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    Diabetes control prevalence rate differences, in reference to quintile 1, with 95% CIs for metropolitan urbanized counties (RUCC1) (panel A), non-metropolitan urbanized counties (RUCC2) (panel B), less urbanized counties (RUCC3) (panel C), thinly populated counties (RUCC4) (panel D) by quintiles of environmental quality index for 2006–2010 and domain-specific indices, controlling for obesity prevalence and leisure-time physical inactivity prevalence and all other domains for the domain-specific analyses.

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    Williams MV, Baker DW, Parker RM, Nurss JR. Relationship of functional health literacy to patients’ knowledge of their chronic disease: a study of patients with hypertension and diabetes. Archives of Internal Medicine 1998 158 1661 72. (https://doi.org/10.1001/archinte.158.2.166)

    • Search Google Scholar
    • Export Citation
  • 27

    Brice Reynolds DB, Walker RJ, Campbell JA, Egede LE. Differential effect of race, education, gender, and language discrimination on glycemic control in adults with Type 2 diabetes. Diabetes Technology and Therapeutics 2015 17 243247. (https://doi.org/10.1089/dia.2014.0285)

    • Search Google Scholar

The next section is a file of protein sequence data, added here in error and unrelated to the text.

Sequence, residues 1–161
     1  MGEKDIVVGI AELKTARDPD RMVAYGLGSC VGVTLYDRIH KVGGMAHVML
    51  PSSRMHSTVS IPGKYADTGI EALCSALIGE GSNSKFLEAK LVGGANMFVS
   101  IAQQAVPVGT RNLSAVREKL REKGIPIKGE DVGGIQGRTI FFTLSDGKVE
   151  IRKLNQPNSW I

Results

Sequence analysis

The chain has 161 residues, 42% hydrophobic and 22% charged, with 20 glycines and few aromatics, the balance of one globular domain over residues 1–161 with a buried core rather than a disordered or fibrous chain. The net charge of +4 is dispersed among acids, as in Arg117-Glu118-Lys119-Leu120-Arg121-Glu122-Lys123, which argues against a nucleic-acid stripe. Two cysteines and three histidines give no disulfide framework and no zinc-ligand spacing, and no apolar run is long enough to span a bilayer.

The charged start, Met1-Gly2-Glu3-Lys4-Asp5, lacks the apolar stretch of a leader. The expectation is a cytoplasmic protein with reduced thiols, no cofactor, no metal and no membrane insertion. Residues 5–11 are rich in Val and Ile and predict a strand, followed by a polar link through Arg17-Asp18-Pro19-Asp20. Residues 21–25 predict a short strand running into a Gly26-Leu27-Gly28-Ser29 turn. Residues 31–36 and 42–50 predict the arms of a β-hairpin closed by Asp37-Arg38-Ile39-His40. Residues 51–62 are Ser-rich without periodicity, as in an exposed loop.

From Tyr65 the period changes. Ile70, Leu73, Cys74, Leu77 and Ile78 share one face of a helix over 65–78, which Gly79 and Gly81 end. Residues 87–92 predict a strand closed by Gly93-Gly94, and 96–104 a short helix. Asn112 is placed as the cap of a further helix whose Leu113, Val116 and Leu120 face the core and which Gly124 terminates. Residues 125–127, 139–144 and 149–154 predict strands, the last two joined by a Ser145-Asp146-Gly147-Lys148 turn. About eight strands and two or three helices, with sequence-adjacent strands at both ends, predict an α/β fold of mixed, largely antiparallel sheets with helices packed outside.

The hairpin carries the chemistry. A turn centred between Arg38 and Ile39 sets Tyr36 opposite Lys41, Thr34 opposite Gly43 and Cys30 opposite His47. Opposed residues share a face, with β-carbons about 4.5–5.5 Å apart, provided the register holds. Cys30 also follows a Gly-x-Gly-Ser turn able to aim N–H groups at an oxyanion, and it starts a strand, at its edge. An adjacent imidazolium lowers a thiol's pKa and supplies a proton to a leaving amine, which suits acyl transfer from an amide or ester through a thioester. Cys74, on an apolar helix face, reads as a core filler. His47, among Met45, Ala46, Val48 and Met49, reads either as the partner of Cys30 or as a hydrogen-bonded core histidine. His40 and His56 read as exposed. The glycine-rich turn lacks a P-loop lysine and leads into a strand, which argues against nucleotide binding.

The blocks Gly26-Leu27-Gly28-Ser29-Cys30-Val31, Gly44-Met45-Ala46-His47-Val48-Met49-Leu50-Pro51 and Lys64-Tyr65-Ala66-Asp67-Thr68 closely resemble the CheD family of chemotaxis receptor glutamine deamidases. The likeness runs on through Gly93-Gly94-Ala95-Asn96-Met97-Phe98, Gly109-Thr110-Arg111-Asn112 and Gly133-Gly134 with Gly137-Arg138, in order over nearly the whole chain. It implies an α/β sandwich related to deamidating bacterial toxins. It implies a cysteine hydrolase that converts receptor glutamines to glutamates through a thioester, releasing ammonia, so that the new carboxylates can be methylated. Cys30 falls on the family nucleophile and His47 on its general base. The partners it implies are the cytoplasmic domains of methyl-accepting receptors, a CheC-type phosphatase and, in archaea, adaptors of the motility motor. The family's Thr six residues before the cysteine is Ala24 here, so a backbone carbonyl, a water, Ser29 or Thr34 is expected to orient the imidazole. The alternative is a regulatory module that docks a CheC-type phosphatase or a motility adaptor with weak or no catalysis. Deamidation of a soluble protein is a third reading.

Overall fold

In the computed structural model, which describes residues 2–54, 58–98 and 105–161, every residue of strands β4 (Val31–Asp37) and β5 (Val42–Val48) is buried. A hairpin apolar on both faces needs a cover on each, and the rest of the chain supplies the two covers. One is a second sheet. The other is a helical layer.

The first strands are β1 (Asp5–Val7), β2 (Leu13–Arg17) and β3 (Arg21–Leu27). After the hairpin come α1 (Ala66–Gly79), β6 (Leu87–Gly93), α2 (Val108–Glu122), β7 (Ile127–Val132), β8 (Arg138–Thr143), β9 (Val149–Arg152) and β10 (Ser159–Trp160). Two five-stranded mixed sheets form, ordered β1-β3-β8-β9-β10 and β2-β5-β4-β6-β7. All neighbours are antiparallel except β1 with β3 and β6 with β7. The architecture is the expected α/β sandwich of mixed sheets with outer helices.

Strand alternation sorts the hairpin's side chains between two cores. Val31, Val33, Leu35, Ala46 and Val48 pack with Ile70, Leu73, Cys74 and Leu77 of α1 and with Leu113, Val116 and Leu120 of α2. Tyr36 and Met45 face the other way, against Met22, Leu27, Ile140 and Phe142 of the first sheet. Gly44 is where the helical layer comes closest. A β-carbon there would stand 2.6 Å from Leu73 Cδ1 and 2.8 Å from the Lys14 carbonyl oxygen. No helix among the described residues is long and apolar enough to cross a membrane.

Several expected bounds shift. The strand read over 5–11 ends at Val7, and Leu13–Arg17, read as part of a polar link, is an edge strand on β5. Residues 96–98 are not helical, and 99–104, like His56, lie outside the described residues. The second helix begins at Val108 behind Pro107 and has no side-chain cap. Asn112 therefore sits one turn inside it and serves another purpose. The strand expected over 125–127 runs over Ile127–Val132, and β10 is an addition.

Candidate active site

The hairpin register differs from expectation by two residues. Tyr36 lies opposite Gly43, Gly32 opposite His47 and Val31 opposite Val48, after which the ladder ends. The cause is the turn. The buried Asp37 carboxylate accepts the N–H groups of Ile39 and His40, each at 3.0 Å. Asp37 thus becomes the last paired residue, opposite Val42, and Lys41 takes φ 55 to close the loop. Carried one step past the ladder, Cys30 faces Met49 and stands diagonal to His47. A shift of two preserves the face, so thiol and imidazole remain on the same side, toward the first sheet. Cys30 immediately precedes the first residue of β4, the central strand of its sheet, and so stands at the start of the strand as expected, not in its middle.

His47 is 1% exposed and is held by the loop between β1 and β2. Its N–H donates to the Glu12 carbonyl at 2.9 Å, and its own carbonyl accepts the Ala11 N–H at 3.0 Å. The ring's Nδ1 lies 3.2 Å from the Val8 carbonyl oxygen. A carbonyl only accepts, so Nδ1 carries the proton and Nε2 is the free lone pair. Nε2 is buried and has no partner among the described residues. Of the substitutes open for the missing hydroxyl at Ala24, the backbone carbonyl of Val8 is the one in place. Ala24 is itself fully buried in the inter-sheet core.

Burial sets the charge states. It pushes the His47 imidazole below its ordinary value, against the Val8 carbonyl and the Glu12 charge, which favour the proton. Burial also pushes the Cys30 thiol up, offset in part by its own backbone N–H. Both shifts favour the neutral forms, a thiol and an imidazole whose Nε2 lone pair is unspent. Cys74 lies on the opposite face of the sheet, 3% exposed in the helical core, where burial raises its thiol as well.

• Export Citation
  • 28

    Corriere MD, Yao W, Xue QL, Cappola AR, Fried LP, Thorpe RJ, Szanton SL, Kalyani RR. The association of neighborhood characteristics with obesity and metabolic conditions in older women. Journal of Nutrition, Health and Aging 2014 18 792798. (https://doi.org/10.1007/s12603-014-0477-5)

    • Search Google Scholar
    • Export Citation
  • 29

    Thiering E, Heinrich J. Epidemiology of air pollution and diabetes. Trends in Endocrinology and Metabolism 2015 26 384394. (https://doi.org/10.1016/j.tem.2015.05.002)

    • Search Google Scholar
    • Export Citation
  • 30

    Yang BY, Fan S, Thiering E, Seissler J, Nowak D, Dong GH, Heinrich J. Ambient air pollution and diabetes: a systematic review and meta-analysis. Environmental Research 2020 180 108817. (https://doi.org/10.1016/j.envres.2019.108817)

    • Search Google Scholar
    • Export Citation
  • 31

    Jagai JS, Rosenbaum BJ, Pierson SM, Messer LC, Rappazzo K, Naumova EN, Lobdell DT. Putting regulatory data to work at the service of public health: utilizing data collected under the clean water act. Water Quality, Exposure and Health 2013 5 117125. (https://doi.org/10.1007/s12403-013-0095-1)

    • Search Google Scholar
    • Export Citation